The Zika Virus (ZIKV) is an arbovirus that carries the name of a forest near Kampala, Uganda. The virus was first identified in rhesus monkeys in 1947 and further isolated in humans in Uganda and Tanzania in 1952. The transmission is mostly vectorial by mosquito species, namely Aedes Egypti (also known as spread dengue virus and chikungunya virus). In addition, direct interhuman transmission has been documented through intrauterine transmission resulting in congenital infection, intrapartum transmission from a viremic mother to her newborn, sexual transmission and blood transfusion. During outbreaks, humans are primarily amplifying host for Zika Virus. An estimated 80% of persons who are infected with Zika virus are asymptomatic. The symptomatic disease generally is mild and characterised by acute onset of fever, maculopapular rash, arthralgia, or nonpurulent conjunctivitis. Symptoms usually last for several days to one week.
Approximately 20% of ZIKV infected individuals become symptomatic lasting for several days to a week. Charasteric clinical findings are acute onset of fever with maculopapular rash, arthralgia, or conjunctive myalgia and headache.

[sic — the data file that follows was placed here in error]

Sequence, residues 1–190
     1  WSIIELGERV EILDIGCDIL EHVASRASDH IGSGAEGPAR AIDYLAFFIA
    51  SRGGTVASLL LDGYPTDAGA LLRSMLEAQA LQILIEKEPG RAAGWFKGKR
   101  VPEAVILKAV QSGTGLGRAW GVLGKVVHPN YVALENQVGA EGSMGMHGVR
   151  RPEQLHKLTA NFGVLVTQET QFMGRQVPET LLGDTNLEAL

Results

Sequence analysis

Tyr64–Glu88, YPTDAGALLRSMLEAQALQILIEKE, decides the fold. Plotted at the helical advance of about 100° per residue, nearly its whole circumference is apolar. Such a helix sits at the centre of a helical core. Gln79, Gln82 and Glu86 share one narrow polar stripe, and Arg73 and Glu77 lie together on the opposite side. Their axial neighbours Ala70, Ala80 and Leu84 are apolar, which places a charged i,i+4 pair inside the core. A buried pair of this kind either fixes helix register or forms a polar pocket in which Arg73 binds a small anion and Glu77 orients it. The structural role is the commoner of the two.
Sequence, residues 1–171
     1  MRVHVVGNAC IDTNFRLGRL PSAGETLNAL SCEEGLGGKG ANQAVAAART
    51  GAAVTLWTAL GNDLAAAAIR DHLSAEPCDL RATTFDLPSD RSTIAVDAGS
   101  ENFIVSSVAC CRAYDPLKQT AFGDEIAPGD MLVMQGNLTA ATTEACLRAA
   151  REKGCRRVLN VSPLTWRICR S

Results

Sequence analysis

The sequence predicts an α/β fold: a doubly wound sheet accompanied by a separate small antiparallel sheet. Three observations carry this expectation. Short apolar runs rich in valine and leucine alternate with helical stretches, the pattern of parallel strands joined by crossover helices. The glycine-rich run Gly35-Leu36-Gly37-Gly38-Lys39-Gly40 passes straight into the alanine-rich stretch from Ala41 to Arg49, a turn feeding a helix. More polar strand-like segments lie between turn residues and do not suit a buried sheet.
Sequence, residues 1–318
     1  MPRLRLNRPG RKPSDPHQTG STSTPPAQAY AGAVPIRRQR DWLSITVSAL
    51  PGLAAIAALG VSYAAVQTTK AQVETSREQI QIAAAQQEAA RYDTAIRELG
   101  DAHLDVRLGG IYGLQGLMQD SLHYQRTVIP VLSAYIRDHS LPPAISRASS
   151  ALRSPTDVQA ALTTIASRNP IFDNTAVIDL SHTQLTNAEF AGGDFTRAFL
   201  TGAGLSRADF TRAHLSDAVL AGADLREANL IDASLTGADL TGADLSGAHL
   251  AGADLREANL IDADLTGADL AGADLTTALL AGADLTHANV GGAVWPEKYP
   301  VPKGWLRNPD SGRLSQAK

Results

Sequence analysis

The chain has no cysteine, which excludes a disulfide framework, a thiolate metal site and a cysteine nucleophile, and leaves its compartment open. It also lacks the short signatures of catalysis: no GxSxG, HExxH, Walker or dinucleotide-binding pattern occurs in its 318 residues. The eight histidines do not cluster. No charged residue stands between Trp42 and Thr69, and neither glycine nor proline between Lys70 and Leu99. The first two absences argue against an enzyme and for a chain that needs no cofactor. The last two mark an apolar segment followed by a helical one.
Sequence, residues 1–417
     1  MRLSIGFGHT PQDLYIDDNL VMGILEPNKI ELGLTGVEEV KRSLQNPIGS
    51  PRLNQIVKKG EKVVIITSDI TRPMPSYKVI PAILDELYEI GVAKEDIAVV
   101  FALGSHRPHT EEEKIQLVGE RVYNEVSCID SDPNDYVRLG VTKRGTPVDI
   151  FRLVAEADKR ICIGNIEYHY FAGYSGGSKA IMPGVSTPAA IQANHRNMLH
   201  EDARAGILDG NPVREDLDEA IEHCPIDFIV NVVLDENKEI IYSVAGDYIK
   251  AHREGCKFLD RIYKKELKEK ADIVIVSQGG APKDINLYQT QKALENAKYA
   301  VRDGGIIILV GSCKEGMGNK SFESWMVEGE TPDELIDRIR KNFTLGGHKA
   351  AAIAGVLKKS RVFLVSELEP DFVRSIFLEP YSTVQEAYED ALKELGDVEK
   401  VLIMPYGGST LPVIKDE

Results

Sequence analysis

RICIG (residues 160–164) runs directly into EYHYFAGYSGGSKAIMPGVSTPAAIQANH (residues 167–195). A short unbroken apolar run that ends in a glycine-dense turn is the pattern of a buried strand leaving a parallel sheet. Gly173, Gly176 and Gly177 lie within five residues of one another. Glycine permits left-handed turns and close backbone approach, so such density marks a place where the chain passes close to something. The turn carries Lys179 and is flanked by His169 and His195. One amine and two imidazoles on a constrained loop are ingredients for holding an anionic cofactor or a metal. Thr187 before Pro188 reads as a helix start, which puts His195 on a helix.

The Diagnosis of Zika virus infection can be made through both molecular and serological testing. Molecular testing is the preferred test (which is useful to detect the virus only in the initial days of an acute infection). This includes reverse transcription – polymerase chain reaction (RT – PCR) for viral RNA and should be performed on serum specimens. To detect congenital infections, serum samples should be collected from the umbilical cord or directly from the infant within 2 days of birth.
IgM ELISA for Zika virus and Dengue virus should be performed on infant serum, infant CSF, and maternal serum; however, results of these assays can be falsely positive of cross-reacting antibodies.
Tiered Algorithm for suspected cases of Chikungunya, Dengue, or Zika infection.
PRNT’: Plaque reduction neutralization tests
*Testing as per this algorithm
No specific antiviral treatment is available for Zika virus infections and no vaccine against Zika virus available. In the case of infants with congenital ZIKV infections, treatment is supportive and should address specific neurodevelopmental issues.